You have to be crazy enough and stubborn enough to endeavor your objectives against all odds of the chameleon law.

It is the very process of setting one foot in front of another and then: keep on climbing. Steven Pressfield calls this turning pro:

“The amateur believes he must first overcome his fear; then he can do his work. The professional knows that fear can never be overcome. He knows there is no such thing as a fearless warrior or a dread-free artist”

An organizational change project is a mountaineering expedition of the inner mind as much as it is about delivering a project according to a certain methodology. It is as much an organizational process (Managing resistance as we know it) as it is an inner struggle for fueling our own commitment to an expedition with an un-rational (i.e. ‘rationally ‘unreachable’) objective (Managing resistance inside yourself).

But the hardest part of the battle is inside our own heads. It’s the ability to pursue a dream.

  • sethgodin

    This is important stuff, well said!

  • Well done putting this together Luc, what you've written here has been so true of my own journey into competency as an Innovation Program Manager and Change Agent at Intel, and now as an independent Corporate Privateer. Thanks, it's nice to see a fellow traveler that get's it about my work and my life.

  • Luc, something that I would like to add on top of what I've mentioned here. The list below was originally penned by Faith Fuqua-Purvis re: what she picked up from a mutual Change Agent colleague, Ron Leeman, in one of our Change Agent forums on LinkedIn.

    1. A clear mind that is not cluttered with unresolved issues, unexamined motives or pre-conceived ideas.
    2. Eyes that can see beyond today.
    3. Ears that can listen to other points of view.
    4. A nose that can sense opportunities and timing.
    5. A mouth that can speak out with honesty and respect.
    6. A heart that can feel others’ pain and respond to it.
    7. A fire in the belly that provides passion and responsibility and makes you want to get up in the morning.
    8. Skillful hands that can do work as well as strategy.
    9. Light feet that can move swiftly when the timing is right.
    10. The soul of a warrior with a deep sense of honor, perseverance and along with a willingness to act decisively.

    Thought that it might be useful for others reading your post, it helped Faith, and I think it was useful for me to think of myself in that fashion as well.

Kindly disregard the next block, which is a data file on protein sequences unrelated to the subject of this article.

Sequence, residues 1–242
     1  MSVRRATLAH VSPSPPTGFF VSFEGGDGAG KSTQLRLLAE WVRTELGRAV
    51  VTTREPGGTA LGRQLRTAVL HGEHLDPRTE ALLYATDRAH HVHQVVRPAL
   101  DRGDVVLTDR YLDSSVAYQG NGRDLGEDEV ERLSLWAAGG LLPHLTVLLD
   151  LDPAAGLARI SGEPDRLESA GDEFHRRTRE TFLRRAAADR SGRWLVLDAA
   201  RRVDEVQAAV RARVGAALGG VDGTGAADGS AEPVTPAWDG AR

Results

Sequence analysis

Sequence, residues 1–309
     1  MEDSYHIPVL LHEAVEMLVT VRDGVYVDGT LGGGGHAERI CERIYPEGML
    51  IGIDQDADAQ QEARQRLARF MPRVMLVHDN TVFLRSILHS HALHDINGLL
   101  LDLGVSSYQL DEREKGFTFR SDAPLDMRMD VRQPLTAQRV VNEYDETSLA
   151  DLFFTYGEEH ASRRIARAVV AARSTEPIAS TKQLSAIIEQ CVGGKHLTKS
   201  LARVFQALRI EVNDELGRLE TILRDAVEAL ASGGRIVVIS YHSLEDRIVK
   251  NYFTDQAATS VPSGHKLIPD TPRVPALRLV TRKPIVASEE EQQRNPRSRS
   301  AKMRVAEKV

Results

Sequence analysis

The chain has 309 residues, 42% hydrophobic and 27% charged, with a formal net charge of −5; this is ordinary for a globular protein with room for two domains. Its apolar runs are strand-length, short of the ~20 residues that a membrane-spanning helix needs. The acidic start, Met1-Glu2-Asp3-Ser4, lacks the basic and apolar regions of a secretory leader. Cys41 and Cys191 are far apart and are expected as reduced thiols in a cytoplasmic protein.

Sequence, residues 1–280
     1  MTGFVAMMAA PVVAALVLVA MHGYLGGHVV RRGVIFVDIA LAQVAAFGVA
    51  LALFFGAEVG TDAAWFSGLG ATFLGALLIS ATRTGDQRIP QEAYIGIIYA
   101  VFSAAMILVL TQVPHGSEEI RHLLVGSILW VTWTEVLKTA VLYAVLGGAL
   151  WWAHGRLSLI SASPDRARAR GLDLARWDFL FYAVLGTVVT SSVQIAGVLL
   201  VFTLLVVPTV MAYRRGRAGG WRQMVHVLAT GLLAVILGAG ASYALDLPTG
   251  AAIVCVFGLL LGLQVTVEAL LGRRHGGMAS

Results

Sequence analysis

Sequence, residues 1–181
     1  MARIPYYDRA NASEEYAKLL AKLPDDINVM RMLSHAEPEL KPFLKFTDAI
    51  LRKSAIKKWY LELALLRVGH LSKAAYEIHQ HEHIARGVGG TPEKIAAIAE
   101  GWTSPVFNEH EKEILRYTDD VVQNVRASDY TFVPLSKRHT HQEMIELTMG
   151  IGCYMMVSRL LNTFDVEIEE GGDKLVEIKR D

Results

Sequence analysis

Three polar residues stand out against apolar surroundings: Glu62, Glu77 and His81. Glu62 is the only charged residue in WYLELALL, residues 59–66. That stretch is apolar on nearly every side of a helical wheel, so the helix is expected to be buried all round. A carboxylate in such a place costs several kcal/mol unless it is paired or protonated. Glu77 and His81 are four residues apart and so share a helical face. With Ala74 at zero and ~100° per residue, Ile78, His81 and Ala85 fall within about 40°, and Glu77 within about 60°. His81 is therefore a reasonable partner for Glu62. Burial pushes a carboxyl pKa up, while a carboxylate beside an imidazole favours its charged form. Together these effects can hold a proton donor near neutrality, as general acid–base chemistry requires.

• Hi Richard,

    That is indeed a pure and powerful list.

    Reading this list is a good reminder of why I am an organizational change practitioner in the first place and why we sometimes put our ass on the line against all odds.

    There is a deeper cause – and likewise in the context of the “other” resistance: a deeper fear to fight against. Please allow me to take your comment one step further and to suggest that the fear we encounter is of a specific kind, as stated by Marianne Williamson in this quote (one of my favorites):

    “Our deepest fear is not that we are inadequate. Our deepest fear is that we are powerful beyond measure.
    It is our light, not our darkness that most frightens us. We ask ourselves, Who am I to be brilliant, gorgeous, talented, fabulous? Actually, who are you not to be?
    You are a child of God. Your playing small does not serve the world. There is nothing enlightened about shrinking so that other people won’t feel insecure around you. We are all meant to shine, as children do. We were born to make manifest the glory of God that is within us. It’s not just in some of us; it’s in everyone.
    And as we let our own light shine, we unconsciously give other people permission to do the same. As we are liberated from our own fear, our presence automatically liberates others.”

    Thank you (and Faith) for sharing!


  • Richard/Luc – I was touched to see my Change Agent Anatomy here. It let me know that it had meaning to someone else and provoked their thinking – which as always, is the the intent of my writing.

    I love your follow-on of the quote from Marianne Williamson. I needed to hear that and today was a good day to reflect upon the message therein.

    The direct and reflected light from our global collection truly can shine bright. Here's to shining together and making the world a brighter place.

    For those of you interested in a little bit more background, here is a link to the Change Agent Anatomy article.